We now address the merits of the instant appeal. Defendant initially contends that the trial court erred in failing to afford him the statutorily conferred right of allocution. Section 5-4-1 of the Unified Code of Corrections (Ill. Rev. Stat. 1977, ch. 38, par. 1005-4-1) states that at the sentencing hearing, the trial court shall "afford the defendant the opportunity to make a statement in his own behalf." It is clear from the record that the trial court did not specifically invite defendant to present his own statement before imposing sentence in this case. Defendant argues that this is reversible error per se, and urges us to follow the decision of the United States Supreme Court in Green v. United States (1961), 365 U.S. 301, 5 L.Ed.2d 670, 81 S.Ct. 653, which held to that effect.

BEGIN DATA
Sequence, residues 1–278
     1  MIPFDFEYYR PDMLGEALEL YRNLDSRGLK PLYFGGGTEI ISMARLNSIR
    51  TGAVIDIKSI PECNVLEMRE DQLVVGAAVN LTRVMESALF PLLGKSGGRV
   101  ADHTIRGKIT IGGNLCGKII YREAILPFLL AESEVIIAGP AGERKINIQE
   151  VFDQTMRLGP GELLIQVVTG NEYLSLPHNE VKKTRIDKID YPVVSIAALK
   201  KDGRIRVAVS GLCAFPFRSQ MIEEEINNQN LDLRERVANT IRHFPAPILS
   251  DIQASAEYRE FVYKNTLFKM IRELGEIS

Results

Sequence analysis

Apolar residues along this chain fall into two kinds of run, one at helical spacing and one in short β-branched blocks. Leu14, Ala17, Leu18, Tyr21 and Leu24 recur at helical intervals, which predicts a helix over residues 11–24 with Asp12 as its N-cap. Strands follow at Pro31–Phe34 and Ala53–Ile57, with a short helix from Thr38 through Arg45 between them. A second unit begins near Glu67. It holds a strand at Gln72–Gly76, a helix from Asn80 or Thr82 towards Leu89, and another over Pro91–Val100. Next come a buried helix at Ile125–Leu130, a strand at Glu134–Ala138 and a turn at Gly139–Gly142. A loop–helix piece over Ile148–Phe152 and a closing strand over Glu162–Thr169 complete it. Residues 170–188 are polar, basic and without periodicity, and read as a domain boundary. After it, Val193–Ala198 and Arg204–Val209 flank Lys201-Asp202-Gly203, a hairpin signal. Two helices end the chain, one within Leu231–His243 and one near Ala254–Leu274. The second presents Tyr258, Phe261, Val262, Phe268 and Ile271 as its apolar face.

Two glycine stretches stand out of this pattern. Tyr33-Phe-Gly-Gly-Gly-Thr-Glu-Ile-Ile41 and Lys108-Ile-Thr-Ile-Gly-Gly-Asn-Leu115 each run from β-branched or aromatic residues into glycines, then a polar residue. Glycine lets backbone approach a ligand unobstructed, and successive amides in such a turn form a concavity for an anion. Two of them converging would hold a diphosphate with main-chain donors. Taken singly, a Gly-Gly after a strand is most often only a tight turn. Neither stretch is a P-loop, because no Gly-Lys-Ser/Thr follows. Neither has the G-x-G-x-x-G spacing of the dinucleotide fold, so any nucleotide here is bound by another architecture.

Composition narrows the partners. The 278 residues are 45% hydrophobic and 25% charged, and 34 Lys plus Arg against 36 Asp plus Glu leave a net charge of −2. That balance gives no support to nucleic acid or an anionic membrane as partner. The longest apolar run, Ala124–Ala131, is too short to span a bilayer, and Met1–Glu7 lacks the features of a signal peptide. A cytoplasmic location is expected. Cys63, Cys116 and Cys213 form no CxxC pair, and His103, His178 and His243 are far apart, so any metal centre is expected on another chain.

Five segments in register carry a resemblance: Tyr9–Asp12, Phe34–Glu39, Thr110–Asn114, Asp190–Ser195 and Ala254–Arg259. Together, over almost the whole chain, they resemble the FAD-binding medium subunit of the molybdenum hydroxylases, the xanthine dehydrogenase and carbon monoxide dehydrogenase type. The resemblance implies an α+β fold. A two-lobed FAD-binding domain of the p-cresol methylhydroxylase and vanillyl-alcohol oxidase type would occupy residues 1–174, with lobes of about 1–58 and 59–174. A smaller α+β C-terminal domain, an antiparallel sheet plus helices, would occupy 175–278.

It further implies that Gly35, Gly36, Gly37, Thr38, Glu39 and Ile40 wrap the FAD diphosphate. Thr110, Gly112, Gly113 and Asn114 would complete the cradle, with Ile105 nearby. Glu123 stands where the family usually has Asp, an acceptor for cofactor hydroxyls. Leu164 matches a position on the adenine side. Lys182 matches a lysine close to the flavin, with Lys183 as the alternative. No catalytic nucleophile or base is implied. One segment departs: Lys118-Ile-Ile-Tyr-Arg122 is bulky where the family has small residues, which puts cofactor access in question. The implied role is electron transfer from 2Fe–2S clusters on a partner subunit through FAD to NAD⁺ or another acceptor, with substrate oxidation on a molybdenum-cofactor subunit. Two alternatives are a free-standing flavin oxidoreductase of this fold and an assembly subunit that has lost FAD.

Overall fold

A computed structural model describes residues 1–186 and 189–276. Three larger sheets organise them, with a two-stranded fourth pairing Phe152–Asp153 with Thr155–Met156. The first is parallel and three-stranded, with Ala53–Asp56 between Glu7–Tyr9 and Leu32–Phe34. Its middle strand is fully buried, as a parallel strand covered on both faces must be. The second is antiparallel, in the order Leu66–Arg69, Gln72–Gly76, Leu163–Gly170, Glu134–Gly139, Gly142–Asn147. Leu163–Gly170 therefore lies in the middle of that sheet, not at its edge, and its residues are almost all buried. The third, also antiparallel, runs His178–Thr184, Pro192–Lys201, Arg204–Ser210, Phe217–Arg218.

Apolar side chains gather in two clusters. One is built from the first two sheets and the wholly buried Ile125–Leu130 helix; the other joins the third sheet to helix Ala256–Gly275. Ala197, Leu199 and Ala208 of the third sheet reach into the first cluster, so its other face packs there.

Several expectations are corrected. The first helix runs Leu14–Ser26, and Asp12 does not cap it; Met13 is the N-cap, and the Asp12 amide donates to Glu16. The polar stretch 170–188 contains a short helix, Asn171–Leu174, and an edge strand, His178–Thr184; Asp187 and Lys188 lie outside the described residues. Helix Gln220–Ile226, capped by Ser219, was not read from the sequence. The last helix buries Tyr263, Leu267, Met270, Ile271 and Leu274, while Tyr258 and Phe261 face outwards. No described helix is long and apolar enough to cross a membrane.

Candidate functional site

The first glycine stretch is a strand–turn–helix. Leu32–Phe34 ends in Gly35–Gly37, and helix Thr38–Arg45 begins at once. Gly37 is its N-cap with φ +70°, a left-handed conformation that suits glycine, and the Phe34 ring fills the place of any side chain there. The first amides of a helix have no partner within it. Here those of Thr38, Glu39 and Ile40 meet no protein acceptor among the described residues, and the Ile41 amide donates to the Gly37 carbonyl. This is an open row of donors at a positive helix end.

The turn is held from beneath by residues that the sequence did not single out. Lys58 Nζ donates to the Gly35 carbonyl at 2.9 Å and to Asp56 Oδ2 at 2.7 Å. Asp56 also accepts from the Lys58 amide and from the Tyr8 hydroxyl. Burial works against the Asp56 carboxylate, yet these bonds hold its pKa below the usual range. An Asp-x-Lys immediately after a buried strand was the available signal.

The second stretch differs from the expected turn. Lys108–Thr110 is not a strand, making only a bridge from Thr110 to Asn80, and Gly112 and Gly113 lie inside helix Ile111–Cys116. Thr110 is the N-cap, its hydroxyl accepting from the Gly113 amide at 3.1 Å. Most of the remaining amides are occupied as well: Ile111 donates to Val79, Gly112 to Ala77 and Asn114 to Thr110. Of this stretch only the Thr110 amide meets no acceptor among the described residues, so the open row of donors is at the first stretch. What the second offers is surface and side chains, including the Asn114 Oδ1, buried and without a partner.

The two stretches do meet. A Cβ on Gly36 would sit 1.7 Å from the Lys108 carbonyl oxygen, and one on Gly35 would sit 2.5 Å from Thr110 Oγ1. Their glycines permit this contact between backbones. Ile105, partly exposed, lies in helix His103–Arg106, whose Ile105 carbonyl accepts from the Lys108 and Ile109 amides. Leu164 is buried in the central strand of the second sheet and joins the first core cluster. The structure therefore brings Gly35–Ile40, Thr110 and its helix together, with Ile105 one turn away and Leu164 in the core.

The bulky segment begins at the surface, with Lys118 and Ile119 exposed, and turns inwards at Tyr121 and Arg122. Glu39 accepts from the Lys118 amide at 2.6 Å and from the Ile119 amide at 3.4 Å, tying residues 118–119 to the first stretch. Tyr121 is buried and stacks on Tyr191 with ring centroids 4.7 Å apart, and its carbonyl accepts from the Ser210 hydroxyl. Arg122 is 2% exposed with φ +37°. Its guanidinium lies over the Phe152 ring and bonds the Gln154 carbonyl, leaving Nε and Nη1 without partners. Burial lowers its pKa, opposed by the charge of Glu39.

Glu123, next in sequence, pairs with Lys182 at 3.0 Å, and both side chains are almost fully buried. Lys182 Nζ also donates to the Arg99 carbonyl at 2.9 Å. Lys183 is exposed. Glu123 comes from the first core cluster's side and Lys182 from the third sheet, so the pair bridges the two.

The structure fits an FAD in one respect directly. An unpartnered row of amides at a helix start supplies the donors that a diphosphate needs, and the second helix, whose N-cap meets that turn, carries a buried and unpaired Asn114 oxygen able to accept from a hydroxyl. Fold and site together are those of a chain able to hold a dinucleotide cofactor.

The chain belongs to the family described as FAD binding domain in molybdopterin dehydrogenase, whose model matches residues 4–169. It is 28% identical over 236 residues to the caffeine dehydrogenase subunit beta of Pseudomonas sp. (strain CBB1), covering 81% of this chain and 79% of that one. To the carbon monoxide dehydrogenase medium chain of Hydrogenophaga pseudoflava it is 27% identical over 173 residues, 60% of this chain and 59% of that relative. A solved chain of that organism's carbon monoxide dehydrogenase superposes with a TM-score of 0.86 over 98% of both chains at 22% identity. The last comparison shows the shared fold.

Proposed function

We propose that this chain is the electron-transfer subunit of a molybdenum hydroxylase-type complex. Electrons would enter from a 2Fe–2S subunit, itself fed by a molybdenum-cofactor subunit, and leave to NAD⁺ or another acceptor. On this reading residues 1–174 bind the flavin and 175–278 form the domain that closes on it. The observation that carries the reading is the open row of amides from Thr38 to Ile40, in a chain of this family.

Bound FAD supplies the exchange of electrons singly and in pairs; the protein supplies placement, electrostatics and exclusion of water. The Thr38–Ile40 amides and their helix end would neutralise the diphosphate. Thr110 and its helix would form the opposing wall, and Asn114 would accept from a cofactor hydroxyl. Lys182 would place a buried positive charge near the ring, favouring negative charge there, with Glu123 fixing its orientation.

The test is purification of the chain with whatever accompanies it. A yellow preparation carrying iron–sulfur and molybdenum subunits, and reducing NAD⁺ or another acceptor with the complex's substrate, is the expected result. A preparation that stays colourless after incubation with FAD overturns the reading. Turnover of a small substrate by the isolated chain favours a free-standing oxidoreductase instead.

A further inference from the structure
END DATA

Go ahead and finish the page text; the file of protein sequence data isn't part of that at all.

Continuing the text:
1 We cannot agree, however, that the failure of the trial court to ask a defendant whether he wishes to make a statement before sentence is pronounced is an error of the character or magnitude warranting summary reversal of the sentence imposed by the trial court. "It is not a fundamental defect which inherently results in a complete miscarriage of justice, nor an omission inconsistent with the rudimentary demands of fair procedure." (Hill v. United States (1962), 368 U.S. 424, 428, 7 L.Ed.2d 417, 421, 82 S.Ct. 468, 471.) As the People point out, and as defendant concedes, the reviewing courts> of this State have uniformly held that the failure of a trial court to specifically invite a defendant to address the court at the sentencing hearing is technical error only. (People v. Spiler (1st Dist. 1975), 28 Ill. App.3d 178, 182, 328 N.E.2d 201, 204; People v. Horobecki (1st Dist. 1977), 48 Ill. App.3d 598, 363 N.E.2d 1, 5; People v. Darling (3d Dist. 1977), 46 Ill. App.3d 698, 700-01, 361 N.E.2d 121, 123; People v. Skidmore (3d Dist. 1978), 56 Ill. App.3d 862, 869, 372 N.E.2d 723, 729; People v. Jones (5th Dist. 1977), 56 Ill. App.3d 600, 606, 371 N.E.2d 1150, 1154.) We are convinced that Spiler, Horobecki, Darling, Skidmore, and Jones were correctly decided, and we decline defendant's invitation to follow Green.